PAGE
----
Beanie level: Errand boy

I never understood how much a casual ” How was your day?” could mean until now. No one at home really asks me that and I am growing to see how important this simple question can be

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    How was your day, Mani?

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      Aww thank you so much for asking. I went to but I followed the wrong day’s timetable so I came super early. The good thing was that I finally got to meet my school friend (we’re at the same college) and I realised I am not alone in my doubts, worries and anxieties.

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    This is so true – and equally important (which you seem to have understood) is that an honest answer to this question is just as important. It’s so easy to say “fine” or “good” when I don’t want others to be bothered with my problems. But I’ve found more often than not, the people who care enough to ask also care enough to listen.

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All these bullying allegations, whether true or not, should make Korean authorities examine their school culture. It is alarming how pervasive this bullying culture seems to be.

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    It reminds me of the fact that whatever is portrayed on TV, actually stems from something that happen in reality. Just to think about how pervasive this ‘bullying’ culture is makes me cringe. It doesn’t mean that in the culture where I live things are less severe, but knowing that many nice-looking ones we see and love in dramas are involved in such scandals is definitely not something I like.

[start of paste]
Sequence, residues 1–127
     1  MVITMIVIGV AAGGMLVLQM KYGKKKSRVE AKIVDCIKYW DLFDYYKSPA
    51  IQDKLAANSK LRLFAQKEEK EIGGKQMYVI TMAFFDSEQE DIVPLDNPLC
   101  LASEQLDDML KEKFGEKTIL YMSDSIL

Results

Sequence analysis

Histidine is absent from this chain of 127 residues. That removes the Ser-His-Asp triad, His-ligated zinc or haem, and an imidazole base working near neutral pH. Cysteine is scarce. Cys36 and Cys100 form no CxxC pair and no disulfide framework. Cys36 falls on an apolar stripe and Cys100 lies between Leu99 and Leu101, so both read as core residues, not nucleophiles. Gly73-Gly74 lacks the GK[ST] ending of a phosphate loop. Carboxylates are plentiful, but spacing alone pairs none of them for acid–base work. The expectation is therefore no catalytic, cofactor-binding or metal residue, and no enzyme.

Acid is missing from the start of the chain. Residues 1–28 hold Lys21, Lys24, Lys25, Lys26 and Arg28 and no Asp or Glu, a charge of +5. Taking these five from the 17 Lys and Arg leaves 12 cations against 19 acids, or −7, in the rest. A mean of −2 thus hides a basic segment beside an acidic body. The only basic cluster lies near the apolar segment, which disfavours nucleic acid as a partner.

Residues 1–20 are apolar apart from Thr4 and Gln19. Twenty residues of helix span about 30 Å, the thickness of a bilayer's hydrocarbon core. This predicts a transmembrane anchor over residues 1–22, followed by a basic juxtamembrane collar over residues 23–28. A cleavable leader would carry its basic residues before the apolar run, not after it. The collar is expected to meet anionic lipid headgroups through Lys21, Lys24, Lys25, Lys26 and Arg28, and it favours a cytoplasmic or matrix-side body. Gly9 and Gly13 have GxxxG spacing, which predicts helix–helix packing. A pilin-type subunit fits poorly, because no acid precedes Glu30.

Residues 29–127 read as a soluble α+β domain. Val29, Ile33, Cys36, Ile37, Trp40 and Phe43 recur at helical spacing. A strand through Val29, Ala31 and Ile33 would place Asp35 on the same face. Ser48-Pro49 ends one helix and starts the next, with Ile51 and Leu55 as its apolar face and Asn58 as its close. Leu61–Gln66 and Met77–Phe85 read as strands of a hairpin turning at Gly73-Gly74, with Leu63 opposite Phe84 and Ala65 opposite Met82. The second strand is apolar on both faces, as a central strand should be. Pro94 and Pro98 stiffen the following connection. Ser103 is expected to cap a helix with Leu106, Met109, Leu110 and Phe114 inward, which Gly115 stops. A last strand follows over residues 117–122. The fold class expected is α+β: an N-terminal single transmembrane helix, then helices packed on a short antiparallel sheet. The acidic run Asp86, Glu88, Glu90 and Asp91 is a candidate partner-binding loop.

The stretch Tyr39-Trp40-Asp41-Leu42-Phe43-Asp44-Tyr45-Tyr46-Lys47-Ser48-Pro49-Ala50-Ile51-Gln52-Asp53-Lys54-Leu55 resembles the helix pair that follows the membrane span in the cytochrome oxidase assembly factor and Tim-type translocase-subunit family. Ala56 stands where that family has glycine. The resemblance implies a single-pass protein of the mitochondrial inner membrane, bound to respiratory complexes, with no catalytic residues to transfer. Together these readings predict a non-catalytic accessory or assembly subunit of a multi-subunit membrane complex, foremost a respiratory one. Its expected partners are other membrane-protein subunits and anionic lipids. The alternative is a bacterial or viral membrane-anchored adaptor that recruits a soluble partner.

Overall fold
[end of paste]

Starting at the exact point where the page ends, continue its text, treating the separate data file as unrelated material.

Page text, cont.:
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      You are so right. I’ve always said that the way bullying is portrayed in dramas has always made me think it’s really close to the real situation students are living.
      I think it may be related to the excessive pressure that students have to succeed that I find a bit insane (but then I’ve never had problems in school, and always had good marks…).

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        I think the financial gap between people in the society leads to excessive pressure to compete. Parents want their children to thrive to be the best, even to follow the parents’ dream instead of finding and pursuing their own. People endure things they shouldn’t have just because they don’t want to face possible consequences (being bullied more, losing a chance to study at the same school, etc). The society is dysfunctional, oh I’m talking about mine. 😂

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    They should, and they shouldn’t stop there. The work culture appears to have the same problems.

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    Clearly there’s something wrong in their school culture. It’s really disturbing to know that many of the people I love on screen were involved in these scandals.

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    Also I think the entertainment agencies need to do some background research before scouting a new talent.

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How is Lee Ji Hoon so sexy in River Where The Moon Rises? The intensity of his gaze melts me. I lowkey want him to be the lead, nothing against my boy Ji Soo but I am more into LJH

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    He’s so, so, so sexy here.

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    Haven’t watched this show. However, LJH is stellar. He was amazing in Dinner Mates. A very talented actor.

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      He was amazing in Dinner Mate. I would have been crushing over him had his character not been so creepy and unhealthy